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GE’s key to clean power: natural gas

General Electric (s GE) is a major wind turbine maker and has announced big plans in the past year to tackle the solar market. But it may be the company’s strategy to expand its natural gas power plant equipment business that could be a really significant driver of clean power.

Earlier this week, GE announced a buyer, MetCap Energy Investments, for a natural gas power plant designed to integrate solar energy from eSolar into its production. The hybrid approach saves natural gas use while gaining the emission-reduction benefits of using a renewable source. The design represents the beginning of GE’s long-term plan to modify its power plant designs to use an increasing amount of renewable fuels to generate electricity.

GE is already a giant in the fossil fuel power plant business, so it can use its resources and large customer base to promote these hybrid power plants. This hybrid power plant strategy could be even more effective in promoting renewable electricity generation than any plan to sell stand-alone solar or wind farm equipment.

“When we think longer term, sort of 2050- ish, we really can see a future when the fuel we are using in combined cycle power plants is predominantly renewable,” said Paul Browning, the CEO of thermal products at GE Energy, during a press conference in Italy this week.

Browning was referring to the use of eSolar’s concentrating solar thermal technology, which uses a field of mirrors to beam sunlight onto a tower where a water tank sits. The concentrated sunlight heats up the water to hundreds of degrees Celsius and generates steam, which is then piped to run a turbine and generator to produce electricity. GE is pairing this technology with the new FlexEfficiency 50 combined cycle power plant design that it unveiled two weeks ago. The company is investing in eSolar and licensing eSolar’s technology.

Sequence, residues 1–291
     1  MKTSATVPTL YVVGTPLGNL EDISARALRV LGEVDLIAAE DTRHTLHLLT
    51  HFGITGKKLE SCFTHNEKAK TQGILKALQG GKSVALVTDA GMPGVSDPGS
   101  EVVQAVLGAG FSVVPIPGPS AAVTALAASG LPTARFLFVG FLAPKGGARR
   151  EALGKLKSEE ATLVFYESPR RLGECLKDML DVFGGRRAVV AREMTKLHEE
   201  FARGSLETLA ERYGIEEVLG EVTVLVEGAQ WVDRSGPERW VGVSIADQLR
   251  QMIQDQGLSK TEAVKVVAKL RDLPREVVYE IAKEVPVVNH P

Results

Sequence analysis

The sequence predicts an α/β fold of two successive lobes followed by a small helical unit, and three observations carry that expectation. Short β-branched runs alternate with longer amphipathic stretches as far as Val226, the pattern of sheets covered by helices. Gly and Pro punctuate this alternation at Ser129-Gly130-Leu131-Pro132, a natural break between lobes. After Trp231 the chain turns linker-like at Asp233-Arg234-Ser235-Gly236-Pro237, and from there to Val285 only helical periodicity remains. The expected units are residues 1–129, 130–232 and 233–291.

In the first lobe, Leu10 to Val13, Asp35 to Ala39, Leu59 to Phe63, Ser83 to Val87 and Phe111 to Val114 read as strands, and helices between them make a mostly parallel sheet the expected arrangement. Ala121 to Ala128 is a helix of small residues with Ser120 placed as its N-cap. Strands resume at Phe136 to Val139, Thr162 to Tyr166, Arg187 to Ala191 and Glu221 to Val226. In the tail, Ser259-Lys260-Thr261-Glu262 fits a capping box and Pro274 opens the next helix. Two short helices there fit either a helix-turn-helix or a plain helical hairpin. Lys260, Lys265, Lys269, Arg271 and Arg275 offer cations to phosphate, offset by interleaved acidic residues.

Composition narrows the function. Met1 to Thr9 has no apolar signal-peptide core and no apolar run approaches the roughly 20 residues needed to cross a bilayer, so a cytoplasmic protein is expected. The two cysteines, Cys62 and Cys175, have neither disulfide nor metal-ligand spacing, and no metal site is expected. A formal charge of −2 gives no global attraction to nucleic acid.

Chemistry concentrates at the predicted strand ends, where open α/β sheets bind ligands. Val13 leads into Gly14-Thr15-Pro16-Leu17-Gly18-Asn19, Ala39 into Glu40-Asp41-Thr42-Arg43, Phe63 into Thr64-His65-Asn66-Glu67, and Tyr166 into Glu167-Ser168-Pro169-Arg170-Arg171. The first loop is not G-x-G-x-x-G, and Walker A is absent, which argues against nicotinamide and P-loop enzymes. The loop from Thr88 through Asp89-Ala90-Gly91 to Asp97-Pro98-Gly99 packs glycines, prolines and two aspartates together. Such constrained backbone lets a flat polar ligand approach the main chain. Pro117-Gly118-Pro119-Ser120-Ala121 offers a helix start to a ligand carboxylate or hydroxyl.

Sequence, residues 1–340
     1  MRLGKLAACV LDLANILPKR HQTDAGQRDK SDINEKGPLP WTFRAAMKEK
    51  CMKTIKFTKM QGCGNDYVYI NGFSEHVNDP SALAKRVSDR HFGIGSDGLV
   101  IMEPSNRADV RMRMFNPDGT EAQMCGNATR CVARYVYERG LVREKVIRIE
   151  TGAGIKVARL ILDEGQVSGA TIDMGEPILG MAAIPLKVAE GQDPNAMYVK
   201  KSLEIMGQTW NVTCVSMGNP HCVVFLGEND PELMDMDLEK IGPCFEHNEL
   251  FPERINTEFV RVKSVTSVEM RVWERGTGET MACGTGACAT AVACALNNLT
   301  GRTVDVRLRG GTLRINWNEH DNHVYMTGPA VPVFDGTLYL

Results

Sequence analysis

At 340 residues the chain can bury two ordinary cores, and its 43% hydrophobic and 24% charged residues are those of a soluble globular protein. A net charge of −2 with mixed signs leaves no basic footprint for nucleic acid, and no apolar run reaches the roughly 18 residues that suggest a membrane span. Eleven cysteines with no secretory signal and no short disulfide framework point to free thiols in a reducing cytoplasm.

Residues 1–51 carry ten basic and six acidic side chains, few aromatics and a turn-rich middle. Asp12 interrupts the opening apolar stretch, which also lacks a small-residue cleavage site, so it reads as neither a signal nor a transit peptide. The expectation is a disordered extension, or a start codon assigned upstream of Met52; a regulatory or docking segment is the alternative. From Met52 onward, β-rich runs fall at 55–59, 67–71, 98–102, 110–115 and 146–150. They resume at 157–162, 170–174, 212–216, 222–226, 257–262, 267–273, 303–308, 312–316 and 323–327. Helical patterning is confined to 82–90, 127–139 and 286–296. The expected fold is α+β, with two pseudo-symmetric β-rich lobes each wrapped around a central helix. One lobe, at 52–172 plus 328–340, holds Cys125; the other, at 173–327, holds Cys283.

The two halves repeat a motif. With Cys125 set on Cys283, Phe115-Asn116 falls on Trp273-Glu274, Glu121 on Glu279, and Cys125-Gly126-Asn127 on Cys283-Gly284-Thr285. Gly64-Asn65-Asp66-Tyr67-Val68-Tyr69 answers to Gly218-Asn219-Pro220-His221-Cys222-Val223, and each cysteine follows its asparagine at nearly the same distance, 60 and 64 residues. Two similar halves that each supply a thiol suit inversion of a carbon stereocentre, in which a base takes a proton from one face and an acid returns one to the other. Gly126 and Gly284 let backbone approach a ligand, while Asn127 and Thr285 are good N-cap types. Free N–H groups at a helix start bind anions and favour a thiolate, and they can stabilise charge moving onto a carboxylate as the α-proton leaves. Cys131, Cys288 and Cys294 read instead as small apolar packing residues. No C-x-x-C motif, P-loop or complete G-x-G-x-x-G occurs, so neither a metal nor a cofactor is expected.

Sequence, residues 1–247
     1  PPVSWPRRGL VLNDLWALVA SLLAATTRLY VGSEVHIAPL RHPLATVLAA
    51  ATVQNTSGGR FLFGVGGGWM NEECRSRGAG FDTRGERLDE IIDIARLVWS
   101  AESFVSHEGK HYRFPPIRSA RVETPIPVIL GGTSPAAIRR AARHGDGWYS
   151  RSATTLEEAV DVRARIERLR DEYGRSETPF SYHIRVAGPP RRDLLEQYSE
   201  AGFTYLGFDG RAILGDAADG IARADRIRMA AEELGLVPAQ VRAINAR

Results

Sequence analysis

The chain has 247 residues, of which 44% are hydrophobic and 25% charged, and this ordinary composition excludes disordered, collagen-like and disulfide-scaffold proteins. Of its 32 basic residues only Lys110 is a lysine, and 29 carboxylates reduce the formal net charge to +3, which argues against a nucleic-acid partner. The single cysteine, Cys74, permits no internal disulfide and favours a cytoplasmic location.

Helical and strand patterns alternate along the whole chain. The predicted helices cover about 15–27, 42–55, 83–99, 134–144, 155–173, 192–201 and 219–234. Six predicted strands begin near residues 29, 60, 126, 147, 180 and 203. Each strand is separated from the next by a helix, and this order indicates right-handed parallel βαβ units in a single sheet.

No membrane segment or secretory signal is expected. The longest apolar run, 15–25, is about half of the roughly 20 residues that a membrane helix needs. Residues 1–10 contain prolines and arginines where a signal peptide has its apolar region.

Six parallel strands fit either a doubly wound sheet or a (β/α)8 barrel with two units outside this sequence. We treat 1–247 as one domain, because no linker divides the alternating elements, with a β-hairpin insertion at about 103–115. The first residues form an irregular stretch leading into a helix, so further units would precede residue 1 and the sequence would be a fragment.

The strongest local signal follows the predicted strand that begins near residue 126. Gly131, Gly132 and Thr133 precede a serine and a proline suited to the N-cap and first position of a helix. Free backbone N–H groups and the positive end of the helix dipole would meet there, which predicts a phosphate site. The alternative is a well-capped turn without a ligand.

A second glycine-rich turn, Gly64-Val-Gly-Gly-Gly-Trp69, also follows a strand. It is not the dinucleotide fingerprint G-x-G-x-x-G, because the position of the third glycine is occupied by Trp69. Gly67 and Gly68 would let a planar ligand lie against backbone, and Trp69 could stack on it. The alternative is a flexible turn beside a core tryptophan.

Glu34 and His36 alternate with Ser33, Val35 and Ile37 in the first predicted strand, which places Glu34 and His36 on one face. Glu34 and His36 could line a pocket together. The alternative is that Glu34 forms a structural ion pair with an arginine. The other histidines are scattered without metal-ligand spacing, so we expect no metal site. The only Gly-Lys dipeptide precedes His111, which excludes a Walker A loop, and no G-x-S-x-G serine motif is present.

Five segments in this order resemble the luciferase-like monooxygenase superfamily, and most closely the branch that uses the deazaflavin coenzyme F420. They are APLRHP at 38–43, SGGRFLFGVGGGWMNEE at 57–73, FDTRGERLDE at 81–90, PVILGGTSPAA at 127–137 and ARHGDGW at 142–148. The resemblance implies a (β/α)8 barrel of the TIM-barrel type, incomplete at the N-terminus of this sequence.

The pairing makes sense, because both solar and natural gas power plants rely on steam turbines and generators to produce electricity. A stand-alone combined cycle power plant feeds natural gas to the gas turbine to generate electricity, a process that produces heat as a byproduct. This heat would just be wasted in a simple cycle power plant that uses only a gas turbine.

But in a combined cycle power plant, heat is captured to produce steam, which then goes to a steam turbine–generator to produce even more electricity. Combined cycle power plants are therefore even more efficient, because they produce more electricity with the same amount of natural gas.

GE isn’t only interested in solar steam production. The company is looking at how it can use eSolar’s technology to produce compressed air at high temperatures, Browning said.

“We can imagine a future where we use [eSolar’s] high-temperature capability to produce high-temperature compressed air, which then goes to the combustor of our gas turbine rather than our steam turbine,” Browning said. “If we can do that, then we can change the game in terms of renewable content in a combined cycle power plan. There are many other ways we can look at this new capability.”

For now, GE is marketing the solar steam equipment along with FlexEfficiency 50. MetCap’s project will install a 530 MW plant in Turkey that includes 50 MW of solar and 22 MW of wind (using GE’s wind turbines). FlexEfficiency 50 by itself can convert 61 percent of the energy in natural gas into electricity. Adding solar and wind will push the efficiency up to 69 percent for the MetCap project and a few percentage points more in other locations, Browning said. The MetCap project will be built at an elevation of about 3,600 feet, and that elevation can cause the natural gas turbine to lose a little efficiency, Browning said.